But in the meantime, what can we do to reduce sedentary behaviours?
Sedentary behaviour does not have to be an irreversible way of life. Small changes incorporated into our day to day lives can help reduce negative health effects and promote a healthier lifestyle.
Here are some practical take-home tips:
· try not to skip your lunch break and wherever possible eat away from your desk
· set a reminder to get up and walk around every 30 or 60 minutes
· rotate between sitting and standing while working
· stretch and adjust positions while sitting at your desk
· stand or walk around while on phone calls
· take a quick walk every time you take a drink or toilet break
· limit TV time and swap for more active tasks or hobbies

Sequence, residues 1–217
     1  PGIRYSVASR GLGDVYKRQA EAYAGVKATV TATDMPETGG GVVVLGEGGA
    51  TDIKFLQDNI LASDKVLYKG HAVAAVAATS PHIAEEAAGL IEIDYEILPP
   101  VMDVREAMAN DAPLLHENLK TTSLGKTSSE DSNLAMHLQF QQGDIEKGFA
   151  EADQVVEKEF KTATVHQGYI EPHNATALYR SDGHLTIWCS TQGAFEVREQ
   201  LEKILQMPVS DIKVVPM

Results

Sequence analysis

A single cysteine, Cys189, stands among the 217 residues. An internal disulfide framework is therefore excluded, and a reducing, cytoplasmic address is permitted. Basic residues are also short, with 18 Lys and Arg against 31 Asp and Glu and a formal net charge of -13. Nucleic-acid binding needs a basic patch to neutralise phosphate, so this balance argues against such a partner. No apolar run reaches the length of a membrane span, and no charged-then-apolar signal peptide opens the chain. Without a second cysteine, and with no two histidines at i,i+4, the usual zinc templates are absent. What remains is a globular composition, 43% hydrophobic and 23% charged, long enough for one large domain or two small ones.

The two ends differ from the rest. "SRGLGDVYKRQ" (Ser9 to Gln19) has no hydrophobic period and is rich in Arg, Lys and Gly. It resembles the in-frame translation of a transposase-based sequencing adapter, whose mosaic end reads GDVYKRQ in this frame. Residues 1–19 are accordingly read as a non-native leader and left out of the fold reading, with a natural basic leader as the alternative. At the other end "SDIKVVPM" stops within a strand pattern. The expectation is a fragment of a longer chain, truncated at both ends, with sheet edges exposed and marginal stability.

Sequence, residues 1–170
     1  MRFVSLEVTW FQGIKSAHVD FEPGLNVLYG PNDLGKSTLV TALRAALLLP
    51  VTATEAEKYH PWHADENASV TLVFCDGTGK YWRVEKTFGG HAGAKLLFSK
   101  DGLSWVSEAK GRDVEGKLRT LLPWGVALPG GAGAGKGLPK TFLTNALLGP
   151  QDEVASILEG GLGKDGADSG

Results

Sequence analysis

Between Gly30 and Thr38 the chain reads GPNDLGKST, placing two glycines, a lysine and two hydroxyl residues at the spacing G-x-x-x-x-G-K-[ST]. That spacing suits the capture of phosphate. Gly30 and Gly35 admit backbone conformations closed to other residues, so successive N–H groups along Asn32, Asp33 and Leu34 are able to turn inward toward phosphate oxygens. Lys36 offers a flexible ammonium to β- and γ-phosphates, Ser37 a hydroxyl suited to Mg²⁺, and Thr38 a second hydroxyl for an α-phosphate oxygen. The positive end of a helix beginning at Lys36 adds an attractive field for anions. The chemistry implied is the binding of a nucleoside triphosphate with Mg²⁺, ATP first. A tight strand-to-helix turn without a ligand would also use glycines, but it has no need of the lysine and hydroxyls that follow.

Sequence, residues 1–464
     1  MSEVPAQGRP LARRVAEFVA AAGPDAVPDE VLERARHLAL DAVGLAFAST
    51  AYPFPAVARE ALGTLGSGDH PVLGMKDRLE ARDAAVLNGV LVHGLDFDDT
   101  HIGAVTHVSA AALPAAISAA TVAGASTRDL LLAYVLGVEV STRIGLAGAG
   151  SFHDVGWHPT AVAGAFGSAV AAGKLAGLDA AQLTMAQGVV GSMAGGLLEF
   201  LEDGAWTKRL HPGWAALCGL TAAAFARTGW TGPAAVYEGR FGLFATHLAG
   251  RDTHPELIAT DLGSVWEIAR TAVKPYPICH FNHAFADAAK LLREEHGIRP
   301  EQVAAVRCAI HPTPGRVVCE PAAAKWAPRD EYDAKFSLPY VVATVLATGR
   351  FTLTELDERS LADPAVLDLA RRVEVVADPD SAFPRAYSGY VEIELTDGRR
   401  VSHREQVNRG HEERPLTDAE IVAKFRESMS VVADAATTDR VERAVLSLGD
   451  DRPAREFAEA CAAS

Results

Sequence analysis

· set attainable daily step or movement goals (that can be tracked on most smartphones)
1. Such, E. & Mutrie, N. (2017) Using organisational cultural theory to understand workplace interventions to reduce sedentary time. International Journal of Health Promotion and Education, 55:1, 18-29,
2. Patterson, R., McNamara et al. (2018) Sedentary behaviour and risk of all-cause, cardiovascular and cancer mortality, and incident type 2 diabetes: a systematic review and dose response meta-analysis. European Journal of Epidemiology;33(9):811-29.
3. Teychenne, M., Costigan, S. & Parker, K. (2015). The association between sedentary behaviour and risk of anxiety: a systematic review. BMC public health, 15(1), 1-8.
Science Consultant, ART Health Solutions